Wednesday, October 13, 2010

11:07 PM
This post shows how to use PHP to extract the keywords searched on by a user when they found your website using a seach engine. Bing, Google and Yahoo are covered here and you can easily add your own to the PHP code supplied.


PHP functions used

The code example here uses the parse_url function to extract the parts from the referer URL and then the parse_str function to extract the parts of the query string into array variables. 
The referer URL is stored in the $_SERVER PHP superglobal as $_SERVER['HTTP_REFERER'], but only if it was set by the web browser

Referer URL examples

Here's some example referer URLs from Bing, Google and Yahoo from people reaching this blog.
http://www.bing.com/search?q=javascript+date+to+timestamp&src=IE-SearchBox&FORM=IE8SRC

http://www.google.de/search?q=apache+restart&ie=utf-8&oe=utf-8&aq=t&rls=org.mozilla:de:official&client=firefox-a

http://us.yhs.search.yahoo.com/avg/search?fr=yhs-avg-chrome&type=yahoo_avg_hs2-tb-web_chrome_us&p=concatenation+in+mysql

You can see from looking at the URLs that Bing and Google store the keyword word as the "q" variable and Yahoo does it with "p".

The code

Here's the PHP code to extract the keywords entered from the above examples:
function search_engine_query_string($url = false) { if(!$url) { $url = isset($_SERVER['HTTP_REFERER']) ? $_SERVER['HTTP_REFERER'] : false; } if($url == false) { return ''; } $parts = parse_url($url); parse_str($parts['query'], $query); $search_engines = array( 'bing' => 'q', 'google' => 'q', 'yahoo' => 'p' ); preg_match('/(' . implode('|', array_keys($search_engines)) . ')\./', $parts['host'], $matches); return isset($matches[1]) && isset($query[$search_engines[$matches[1]]]) ? $query[$search_engines[$matches[1]]] : ''; }

The way that it works is to either use a URL passed in or $_SERVER['HTTP_REFERER'] if one is not passed. It then extracts the parts from the URL (line 10) and then the breaks the pieces of the query string into values in an associative array (line 11).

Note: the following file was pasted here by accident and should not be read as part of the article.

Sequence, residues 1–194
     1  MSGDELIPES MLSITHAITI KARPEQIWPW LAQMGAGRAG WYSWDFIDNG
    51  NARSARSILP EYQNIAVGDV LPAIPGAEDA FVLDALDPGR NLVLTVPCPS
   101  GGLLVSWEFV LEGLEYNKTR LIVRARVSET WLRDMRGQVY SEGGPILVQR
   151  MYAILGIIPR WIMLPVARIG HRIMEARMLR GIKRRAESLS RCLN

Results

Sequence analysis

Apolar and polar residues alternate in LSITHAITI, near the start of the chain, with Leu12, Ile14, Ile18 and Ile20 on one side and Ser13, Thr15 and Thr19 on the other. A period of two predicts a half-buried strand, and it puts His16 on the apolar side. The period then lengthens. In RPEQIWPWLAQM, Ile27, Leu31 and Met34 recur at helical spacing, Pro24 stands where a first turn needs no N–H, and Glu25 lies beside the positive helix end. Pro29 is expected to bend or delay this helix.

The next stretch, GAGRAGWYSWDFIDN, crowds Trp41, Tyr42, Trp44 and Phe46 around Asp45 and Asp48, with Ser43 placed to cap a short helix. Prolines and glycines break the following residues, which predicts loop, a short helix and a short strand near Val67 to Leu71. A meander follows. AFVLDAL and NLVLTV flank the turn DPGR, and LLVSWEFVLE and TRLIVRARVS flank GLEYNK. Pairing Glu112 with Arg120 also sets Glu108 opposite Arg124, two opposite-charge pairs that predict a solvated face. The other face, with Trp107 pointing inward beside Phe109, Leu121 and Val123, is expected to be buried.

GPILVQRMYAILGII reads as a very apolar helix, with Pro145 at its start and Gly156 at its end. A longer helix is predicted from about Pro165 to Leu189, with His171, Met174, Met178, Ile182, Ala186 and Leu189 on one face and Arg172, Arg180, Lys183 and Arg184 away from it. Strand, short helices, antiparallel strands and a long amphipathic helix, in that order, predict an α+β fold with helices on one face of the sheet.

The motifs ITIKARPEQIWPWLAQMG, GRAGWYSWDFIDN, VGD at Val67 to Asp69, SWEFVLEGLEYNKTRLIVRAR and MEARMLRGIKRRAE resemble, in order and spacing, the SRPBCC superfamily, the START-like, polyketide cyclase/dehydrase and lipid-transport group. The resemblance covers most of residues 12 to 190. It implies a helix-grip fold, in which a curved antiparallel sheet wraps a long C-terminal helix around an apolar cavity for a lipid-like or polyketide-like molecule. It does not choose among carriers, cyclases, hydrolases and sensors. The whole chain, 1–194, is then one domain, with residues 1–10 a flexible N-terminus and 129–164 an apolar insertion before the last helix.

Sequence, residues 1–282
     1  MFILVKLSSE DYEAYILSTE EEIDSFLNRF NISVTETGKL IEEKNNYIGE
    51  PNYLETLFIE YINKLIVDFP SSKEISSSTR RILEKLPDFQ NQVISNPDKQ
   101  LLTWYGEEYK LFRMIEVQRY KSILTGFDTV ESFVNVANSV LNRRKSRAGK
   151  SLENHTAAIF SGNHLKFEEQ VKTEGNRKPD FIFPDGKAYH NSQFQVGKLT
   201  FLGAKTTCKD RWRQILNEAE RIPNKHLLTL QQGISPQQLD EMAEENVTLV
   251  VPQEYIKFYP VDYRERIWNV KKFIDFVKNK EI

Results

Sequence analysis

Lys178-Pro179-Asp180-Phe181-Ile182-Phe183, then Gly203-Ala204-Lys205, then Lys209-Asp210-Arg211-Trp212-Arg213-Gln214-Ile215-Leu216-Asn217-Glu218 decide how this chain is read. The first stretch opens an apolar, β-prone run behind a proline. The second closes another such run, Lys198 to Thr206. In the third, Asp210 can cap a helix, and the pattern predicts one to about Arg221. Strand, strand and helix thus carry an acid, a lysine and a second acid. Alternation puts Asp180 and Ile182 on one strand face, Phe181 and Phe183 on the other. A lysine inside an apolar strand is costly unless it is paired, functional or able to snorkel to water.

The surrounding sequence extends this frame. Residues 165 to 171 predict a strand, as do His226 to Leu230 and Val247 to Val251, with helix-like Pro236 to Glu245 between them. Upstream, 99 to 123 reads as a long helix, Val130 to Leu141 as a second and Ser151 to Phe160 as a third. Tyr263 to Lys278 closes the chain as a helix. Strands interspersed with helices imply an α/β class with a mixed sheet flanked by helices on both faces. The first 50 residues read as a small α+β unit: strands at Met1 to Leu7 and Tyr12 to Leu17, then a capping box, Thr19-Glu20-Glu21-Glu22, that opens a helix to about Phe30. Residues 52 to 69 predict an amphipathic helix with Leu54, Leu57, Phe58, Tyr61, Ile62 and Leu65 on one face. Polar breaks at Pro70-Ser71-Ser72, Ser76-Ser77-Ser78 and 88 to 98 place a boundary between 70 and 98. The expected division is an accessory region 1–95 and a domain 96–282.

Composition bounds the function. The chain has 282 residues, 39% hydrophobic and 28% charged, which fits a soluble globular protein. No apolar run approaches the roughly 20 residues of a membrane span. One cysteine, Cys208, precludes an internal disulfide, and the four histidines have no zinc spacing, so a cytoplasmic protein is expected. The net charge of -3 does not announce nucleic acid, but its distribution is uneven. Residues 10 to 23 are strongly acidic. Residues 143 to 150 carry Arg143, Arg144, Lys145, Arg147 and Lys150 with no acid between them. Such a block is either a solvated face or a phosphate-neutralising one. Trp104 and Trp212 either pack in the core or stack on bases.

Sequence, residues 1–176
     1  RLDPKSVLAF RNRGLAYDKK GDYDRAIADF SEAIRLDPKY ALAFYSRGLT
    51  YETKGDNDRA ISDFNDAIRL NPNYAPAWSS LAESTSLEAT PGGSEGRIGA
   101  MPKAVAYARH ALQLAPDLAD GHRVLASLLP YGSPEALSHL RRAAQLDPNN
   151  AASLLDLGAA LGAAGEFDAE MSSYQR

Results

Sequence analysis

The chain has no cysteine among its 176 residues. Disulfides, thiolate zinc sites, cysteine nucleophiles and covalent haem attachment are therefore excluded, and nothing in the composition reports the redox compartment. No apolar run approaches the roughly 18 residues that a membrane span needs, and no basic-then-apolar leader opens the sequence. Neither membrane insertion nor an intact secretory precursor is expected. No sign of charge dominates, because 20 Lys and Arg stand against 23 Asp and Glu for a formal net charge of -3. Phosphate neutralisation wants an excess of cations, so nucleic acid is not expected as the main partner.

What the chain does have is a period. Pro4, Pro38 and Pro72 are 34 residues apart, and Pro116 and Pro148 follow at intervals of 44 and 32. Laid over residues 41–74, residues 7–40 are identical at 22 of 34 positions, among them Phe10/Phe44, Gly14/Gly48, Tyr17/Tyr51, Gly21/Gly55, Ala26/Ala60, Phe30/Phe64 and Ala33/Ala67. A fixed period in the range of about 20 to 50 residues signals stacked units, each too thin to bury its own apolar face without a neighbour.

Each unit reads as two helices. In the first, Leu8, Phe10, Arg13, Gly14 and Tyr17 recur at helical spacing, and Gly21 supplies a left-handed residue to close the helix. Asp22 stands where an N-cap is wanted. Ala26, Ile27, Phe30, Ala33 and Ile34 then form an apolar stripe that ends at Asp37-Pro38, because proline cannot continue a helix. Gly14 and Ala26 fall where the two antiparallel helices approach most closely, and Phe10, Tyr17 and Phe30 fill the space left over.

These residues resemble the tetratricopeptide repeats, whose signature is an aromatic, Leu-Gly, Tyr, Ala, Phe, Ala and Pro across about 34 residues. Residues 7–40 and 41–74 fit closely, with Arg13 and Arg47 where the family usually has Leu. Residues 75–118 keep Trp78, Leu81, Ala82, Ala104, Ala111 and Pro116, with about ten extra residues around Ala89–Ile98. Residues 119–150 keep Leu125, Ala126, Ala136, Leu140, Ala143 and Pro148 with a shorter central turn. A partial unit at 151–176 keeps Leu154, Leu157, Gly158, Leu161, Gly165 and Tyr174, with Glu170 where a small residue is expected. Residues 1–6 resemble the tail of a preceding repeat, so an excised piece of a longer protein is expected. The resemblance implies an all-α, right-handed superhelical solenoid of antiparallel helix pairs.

A list of search engines is defined from lines 13 to 17 as an associative array containing the main part of the domain (i.e. in www.google.com the 'google' bit) mapped to the variable name in the query string. You can add additional search engines to this array.
Note that the array index (i.e. the 'google' bit) is used to match against the search engine's domain using this index value plus a period/dot. Therefore 'google' would match www.google.com, www.google.co.nz and even notgoogle.com.
The regular expression could be modified to ensure there's a period/dot at the start of the host OR the host starts with the domain, but I'm personally happy to leave it as-is for the moment; you are free of course to modify the code if you prefer to ensure a more exact match.
The regular expression on line 19 matches the search engine name into the $matches array, and line 21 returns the keywords if the search engine domain matched and a keyword variable was found.
Note that parse_str will remove any URL encoding so e.g. "javascript+date+to+timestamp" will be returned as "javascript date to timestamp".

Examples

So here's some examples running the above function using the referer URLs from the beginning of the post:

echo search_engine_query_string('http://www.bing.com/search?q=javascript+date+to+timestamp&src=IE-SearchBox&FORM=IE8SRC');

// echoes "javascript date to timestamp"

echo search_engine_query_string('http://www.google.de/search?q=apache+restart&ie=utf-8&oe=utf-8&aq=t&rls=org.mozilla:de:official&client=firefox-a');

// echoes "apache restart"

echo search_engine_query_string('http://us.yhs.search.yahoo.com/avg/search?fr=yhs-avg-chrome&type=yahoo_avg_hs2-tb-web_chrome_us&p=concatenation+in+mysql');

// echoes "concatenation in mysql"

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